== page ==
Sagittal plane
A slice that runs vertically from front to back; slices of brain in this plane divide the left and right side of the brain; this plane is similar to slicing a baked potato lengthwise.
The collection of individuals on which we collect data.
Sapir-Whorf hypothesis
The hypothesis that the language that people use determines their thoughts.
Schema (plural: schemata)
A memory template, created through repeated exposure to a particular class of objects or events.
Semantic memory
The more or less permanent store of knowledge that people have.
The physical processing of environmental stimuli by the sense organs.
Occurs when the response to a stimulus increases with exposure
Sensory adaptation
Decrease in sensitivity of a receptor to a stimulus after constant stimulation.
Shape theory of olfaction
Theory proposing that odorants of different size and shape correspond to different smells.
Signal detection
Method for studying the ability to correctly identify sensory stimuli.
Situation model
A mental representation of an event, object, or situation constructed at the time of comprehending a linguistic description.
Social brain hypothesis
The hypothesis that the human brain has evolved, so that humans can maintain larger ingroups.
Social Learning Theory
The theory that people can learn new responses and behaviors by observing the behavior of others.
Social models
Authorities that are the targets for observation and who model behaviors.
Social networks
Networks of social relationships among individuals through which information can travel.
Sodium-potassium pump
An ion channel that uses the neuron’s energy (adenosine triphosphate, ATP) to pump three Na+ ions outside the cell in exchange for bringing two K+ ions inside the cell.
Cell body of a neuron that contains the nucleus and genetic information, and directs protein synthesis.
Somatic nervous system
A part of the peripheral nervous system that uses cranial and spinal nerves in volitional actions.
Ability to sense touch, pain and temperature.
Somatosensory (body sensations) cortex
The region of the parietal lobe responsible for bodily sensations; the somatosensory cortex has a contralateral representation of the human body.
Somatotopic map
Organization of the primary somatosensory cortex maintaining a representation of the arrangement of the body.
Sound waves
Changes in air pressure. The physical stimulus for audition.
Spatial resolution
A term that refers to how small the elements of an image are; high spatial resolution means the device or technique can resolve very small elements; in neuroscience it describes how small of a structure in the brain can be imaged.
Spina bifida
A developmental disease of the spinal cord, where the neural tube does not close caudally.
Protrusions on the dendrite of a neuron that form synapses with terminal buttons of the presynaptic axon.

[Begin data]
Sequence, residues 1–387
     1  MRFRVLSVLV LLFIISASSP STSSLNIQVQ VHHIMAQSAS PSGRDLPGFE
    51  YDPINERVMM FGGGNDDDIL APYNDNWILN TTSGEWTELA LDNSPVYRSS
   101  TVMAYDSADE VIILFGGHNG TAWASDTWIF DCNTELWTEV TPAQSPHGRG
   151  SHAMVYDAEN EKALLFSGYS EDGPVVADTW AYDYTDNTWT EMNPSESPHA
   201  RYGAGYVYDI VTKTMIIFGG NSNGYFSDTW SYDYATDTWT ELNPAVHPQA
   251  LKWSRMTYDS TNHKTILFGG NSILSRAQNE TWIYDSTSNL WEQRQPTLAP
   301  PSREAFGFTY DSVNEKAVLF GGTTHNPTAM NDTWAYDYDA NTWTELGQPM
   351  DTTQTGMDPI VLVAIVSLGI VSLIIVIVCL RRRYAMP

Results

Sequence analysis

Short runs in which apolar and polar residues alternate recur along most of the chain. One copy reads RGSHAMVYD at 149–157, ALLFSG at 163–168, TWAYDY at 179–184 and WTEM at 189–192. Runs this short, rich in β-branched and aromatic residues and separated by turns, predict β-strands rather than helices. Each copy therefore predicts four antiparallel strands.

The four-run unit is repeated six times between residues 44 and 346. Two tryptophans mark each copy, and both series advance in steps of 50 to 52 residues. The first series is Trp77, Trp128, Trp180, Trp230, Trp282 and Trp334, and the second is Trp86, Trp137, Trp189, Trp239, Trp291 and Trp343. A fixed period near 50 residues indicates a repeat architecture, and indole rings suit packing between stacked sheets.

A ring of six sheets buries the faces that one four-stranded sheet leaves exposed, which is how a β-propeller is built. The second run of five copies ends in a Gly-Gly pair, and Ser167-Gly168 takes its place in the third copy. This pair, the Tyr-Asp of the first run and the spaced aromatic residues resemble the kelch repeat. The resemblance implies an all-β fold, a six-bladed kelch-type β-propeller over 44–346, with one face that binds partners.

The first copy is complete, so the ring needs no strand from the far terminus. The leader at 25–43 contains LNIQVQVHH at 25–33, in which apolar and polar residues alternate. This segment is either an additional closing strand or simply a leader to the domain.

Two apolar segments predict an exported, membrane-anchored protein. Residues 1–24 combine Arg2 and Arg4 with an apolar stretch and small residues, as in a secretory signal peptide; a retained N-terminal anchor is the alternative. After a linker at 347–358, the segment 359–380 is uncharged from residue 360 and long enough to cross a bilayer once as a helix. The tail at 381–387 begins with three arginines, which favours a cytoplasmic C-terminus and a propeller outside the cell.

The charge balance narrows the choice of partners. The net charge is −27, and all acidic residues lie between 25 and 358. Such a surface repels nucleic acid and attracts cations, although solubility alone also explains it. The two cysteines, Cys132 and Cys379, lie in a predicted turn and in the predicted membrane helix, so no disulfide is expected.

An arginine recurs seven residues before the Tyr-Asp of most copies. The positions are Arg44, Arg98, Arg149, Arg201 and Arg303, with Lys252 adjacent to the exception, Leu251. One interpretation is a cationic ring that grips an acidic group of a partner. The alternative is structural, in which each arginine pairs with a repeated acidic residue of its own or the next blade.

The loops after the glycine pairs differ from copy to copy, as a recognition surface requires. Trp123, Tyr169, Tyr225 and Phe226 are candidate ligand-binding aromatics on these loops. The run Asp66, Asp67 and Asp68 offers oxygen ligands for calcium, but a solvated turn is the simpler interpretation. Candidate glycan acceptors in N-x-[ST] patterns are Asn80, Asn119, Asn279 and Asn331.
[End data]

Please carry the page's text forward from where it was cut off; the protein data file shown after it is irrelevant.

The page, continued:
Split-brain patient
A patient who has had most or all of his or her corpus callosum severed.
Spontaneous recovery
Recovery of an extinguished response that occurs with the passage of time after extinction. Can occur after extinction in either classical or instrumental conditioning.
A numerical result computed from a sample (e.g., mean, proportion).
Statistical significance
A result is statistically significant if it is unlikely to arise by chance alone.
Stimulants: a class of drugs that speed up the body’s physiological and mental processes.
Stimulus control
When an operant behavior is controlled by a stimulus that precedes it.
The stage in the learning/memory process that bridges encoding and retrieval; the persistence of memory over time.
Structures that lie beneath the cerebral cortex, but above the brain stem.
(plural) Grooves separating folds of the cortex.
A groove separating folds of the cortex.
(plural form, sulci) The crevices or fissures formed by convolutions in the brain.
Superadditive effect of multisensory integration
The finding that responses to multimodal stimuli are typically greater than the sum of the independent responses to each unimodal component if it were presented on its own.
An emotion rooted in expectancy violation that orients people toward the unexpected event.
Sympathetic nervous system
A division of the autonomic nervous system, that is faster than its counterpart that is the parasympathetic nervous system and works in opposition to it. Generally engaged in “fight or flight” functions.
Junction between the presynaptic terminal button of one neuron and the dendrite, axon, or soma of another postsynaptic neuron.
Synaptic gap
Also known as the synaptic cleft; the small space between the presynaptic terminal button and the postsynaptic dendritic spine, axon, or soma.
Synaptic vesicles
Groups of neurotransmitters packaged together and located within the terminal button.
Rules by which words are strung together to form sentences.
System 1
Our intuitive decision-making system, which is typically fast, automatic, effortless, implicit, and emotional.
System 2
Our more deliberative decision-making system, which is slower, conscious, effortful, explicit, and logical.
Systematic observation
The careful observation of the natural world with the aim of better understanding it. Observations provide the basic data that allow scientists to track, tally, or otherwise organize information about the natural world.
Chemicals transduced by taste receptor cells.
Taste aversion learning
The phenomenon in which a taste is paired with sickness, and this causes the organism to reject—and dislike—that taste in the future.
Taste receptor cells
Receptors that transduce gustatory information.
Temporal lobe